Compare Us with the Competition

We bet you won't see a comparison like this on the OTHER guys' pages! Here's why our trailers stack up and whip the competition every time!
One Good question we get over and over is... why are we so cheap? Well, because we can be.

I know that sounds somewhat facetious, but it is true in all aspects. We started with cash, have no debt, keep our overhead stupid low (as you will see from our 'Palatial office', inside the little Red Shed here in Braddyville), and we know that if you do keep your price right, you will sell so many that the volume more than makes up for it.

At the same time, I have been hearing competitors (ALL of whom got into the trailer business through CRAIG to begin with) taint the water with mentions of how their trailers are superior somehow. So.... no bull. Let's go down the list of what other companies are calling superior for their extra $500-1000 per trailer and then YOU make up your mind.

The biggest Lies in the trailer business!

 A compendium of false truths being perpetrated throughout the trailer industry and the facts that debunk them, from someone who would know. - Us.

Lie #1. Powdercoat Finishes are superior.

When done properly, powdercoat is a wonderful system for small to medium sized parts but it has a hard time laying down properly and maintaining a good adhesion over larger areas. And most trailers have some pretty large surface areas. But... here is the real ringer. The powdercoat being used by trailer companies today is actually HALF the cost of applying a good multi-stage paint system on the same trailer. Half us much money? But they charge you $500 more for it? Really?

My one answer to the powdercoat question is the same I had when the powdercoat guys were pitching it to me years ago.

"If powdercoat really is the superior coating system, then why doesn't GMC, Ford, Dodge or any other major company powdercoating their trucks?"

Nobody could give me an answer, so we still choose to acid wash, phosphate, prime and paint trailers. It's good looking, durable, REPAIRABLE and proven technology.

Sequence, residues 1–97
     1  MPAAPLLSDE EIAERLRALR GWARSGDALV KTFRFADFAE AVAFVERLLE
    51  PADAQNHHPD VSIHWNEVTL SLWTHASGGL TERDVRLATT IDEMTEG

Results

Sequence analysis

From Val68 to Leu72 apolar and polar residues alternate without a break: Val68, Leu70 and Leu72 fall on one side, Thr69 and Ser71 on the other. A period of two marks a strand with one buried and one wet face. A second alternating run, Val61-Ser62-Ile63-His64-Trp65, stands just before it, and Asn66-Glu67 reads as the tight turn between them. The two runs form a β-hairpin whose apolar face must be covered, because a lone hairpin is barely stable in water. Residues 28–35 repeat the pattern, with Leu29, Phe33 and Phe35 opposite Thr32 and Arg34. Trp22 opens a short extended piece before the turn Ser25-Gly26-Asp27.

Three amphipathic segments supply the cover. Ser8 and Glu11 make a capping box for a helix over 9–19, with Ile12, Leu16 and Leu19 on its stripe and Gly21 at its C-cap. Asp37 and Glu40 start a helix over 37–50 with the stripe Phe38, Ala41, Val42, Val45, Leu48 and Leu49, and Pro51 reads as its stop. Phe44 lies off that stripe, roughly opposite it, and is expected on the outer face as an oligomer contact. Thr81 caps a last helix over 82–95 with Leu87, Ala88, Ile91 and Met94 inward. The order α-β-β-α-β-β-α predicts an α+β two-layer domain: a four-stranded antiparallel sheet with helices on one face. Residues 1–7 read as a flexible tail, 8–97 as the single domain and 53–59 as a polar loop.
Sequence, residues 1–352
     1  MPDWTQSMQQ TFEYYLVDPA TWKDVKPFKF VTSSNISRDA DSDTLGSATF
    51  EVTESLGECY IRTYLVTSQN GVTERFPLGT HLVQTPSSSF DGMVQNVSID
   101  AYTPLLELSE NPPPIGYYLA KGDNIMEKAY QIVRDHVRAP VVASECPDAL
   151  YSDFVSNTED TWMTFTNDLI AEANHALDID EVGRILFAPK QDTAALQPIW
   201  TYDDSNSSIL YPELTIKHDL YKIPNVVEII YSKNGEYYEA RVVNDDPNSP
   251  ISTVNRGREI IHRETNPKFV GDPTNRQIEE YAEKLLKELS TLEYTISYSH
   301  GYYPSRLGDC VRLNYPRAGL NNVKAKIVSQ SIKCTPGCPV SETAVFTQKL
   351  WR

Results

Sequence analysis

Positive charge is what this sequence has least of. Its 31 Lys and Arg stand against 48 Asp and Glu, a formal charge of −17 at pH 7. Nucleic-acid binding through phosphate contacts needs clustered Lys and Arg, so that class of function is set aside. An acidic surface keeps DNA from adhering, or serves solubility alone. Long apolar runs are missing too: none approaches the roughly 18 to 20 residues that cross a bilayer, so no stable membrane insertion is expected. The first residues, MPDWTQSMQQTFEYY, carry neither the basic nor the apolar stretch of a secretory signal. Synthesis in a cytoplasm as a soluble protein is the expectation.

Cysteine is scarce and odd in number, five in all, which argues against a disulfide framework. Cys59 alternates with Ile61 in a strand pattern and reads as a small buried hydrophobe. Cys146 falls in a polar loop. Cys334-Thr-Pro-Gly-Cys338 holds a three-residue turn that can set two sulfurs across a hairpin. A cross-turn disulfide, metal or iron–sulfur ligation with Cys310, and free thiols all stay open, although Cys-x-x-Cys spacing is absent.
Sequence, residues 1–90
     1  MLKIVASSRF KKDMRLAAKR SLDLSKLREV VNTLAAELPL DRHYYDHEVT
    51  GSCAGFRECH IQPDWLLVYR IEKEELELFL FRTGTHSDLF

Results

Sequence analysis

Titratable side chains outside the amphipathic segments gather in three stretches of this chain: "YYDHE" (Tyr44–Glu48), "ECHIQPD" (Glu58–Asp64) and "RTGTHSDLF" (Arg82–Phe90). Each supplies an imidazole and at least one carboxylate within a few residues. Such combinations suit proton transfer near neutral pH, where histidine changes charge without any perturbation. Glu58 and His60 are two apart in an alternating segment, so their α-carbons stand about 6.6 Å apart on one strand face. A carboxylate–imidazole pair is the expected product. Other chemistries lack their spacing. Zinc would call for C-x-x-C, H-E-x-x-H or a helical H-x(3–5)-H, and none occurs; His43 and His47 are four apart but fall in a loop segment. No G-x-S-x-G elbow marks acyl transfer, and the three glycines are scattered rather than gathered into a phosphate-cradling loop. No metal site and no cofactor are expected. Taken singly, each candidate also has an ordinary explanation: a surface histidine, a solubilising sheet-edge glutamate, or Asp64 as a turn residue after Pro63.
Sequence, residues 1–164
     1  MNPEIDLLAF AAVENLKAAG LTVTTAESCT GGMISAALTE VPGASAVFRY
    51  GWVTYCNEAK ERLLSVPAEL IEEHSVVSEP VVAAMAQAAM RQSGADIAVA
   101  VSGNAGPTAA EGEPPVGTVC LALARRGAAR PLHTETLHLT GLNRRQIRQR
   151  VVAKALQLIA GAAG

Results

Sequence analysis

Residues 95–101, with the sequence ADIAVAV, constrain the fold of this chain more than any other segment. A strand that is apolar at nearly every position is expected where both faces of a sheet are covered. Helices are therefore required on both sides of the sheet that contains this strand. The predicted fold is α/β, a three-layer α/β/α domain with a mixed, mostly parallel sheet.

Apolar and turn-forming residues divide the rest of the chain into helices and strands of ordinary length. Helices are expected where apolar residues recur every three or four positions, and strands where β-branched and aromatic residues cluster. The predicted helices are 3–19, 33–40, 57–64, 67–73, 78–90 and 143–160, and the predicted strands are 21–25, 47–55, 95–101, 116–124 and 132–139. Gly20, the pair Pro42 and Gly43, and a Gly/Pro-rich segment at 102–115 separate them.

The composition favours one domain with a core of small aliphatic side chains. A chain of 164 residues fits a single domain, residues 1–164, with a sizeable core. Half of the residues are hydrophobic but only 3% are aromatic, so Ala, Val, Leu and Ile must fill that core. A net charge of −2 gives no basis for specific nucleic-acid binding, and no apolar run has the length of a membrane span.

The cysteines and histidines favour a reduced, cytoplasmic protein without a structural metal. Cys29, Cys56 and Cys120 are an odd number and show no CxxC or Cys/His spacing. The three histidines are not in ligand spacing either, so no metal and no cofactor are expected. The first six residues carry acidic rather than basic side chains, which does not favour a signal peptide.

Stage 1: Hand Prep.

You'd be surprised how many companies bypass this step and think that a quick wash, some blast sand and a run through a powder coat booth can fix anything. Not so. As a very smart and talented old car painter told me years ago. 99% of a good paint job is before you pick up the gun.
So, each unit is wheeled to a prep area where two dedicated guys will spend an hour or two just going over every trailer. Smoothing out welds, taking the rough edges off of a corner here and there and hand sanding the unit.

Stage 2: Acid.

By coating the entire trailer with a Sulfuric Acid solution, it assures us that there is no leftover oil or contaminants to cause any issues when the top coats finally go on.

Stage 3: Steam Cleaning

By using extremely high heat and high pressure water, we flush the acid back off of the chassis and then coat the entire trailer in a very thin film of white iron phosphate coating.

Stage 4: White Iron Phosphate Coating.

This phosphate acts as the first step to bond the primer and topcoats to the steel underneath. Think of it as a chemical 'middle man' that gives the steel what it needs and also the topcoats what they need to get along.

Stage 5: Chlorite Resin Prime.

In the last few years, the advances made in the chemistry around industrial and automotive finishes have made some pretty severe leaps and bounds! The best kept secret lately is the development of new Group M Chlorite based Aliphetic, or A class primers. This custom designed primer system falls in love with the white iron phosphate and 'intermarries with the phosphate base coat' (There words not ours).

Stage 6: Carbon BTXE Top Coat

Once the primer and white iron phosphate have attached and flashed properly, we then lay on more coats of a newly designed top coat called Carbon BTXE (Butoxyethelene) Resin. Two to three coats of this and you have a pretty darn good paint job for the money and one that will take a little more of a beating than the average paint job while doing it's best to stay where it was sprayed to begin with.

All of that being said. It is still doomed. Sitting just 5 feet behind a pair of tires throwing rocks mercilessly at it for the rest of it's life. It's a death sentence for anything that ends up there, but we do our best to create something that will hold out for many years to come.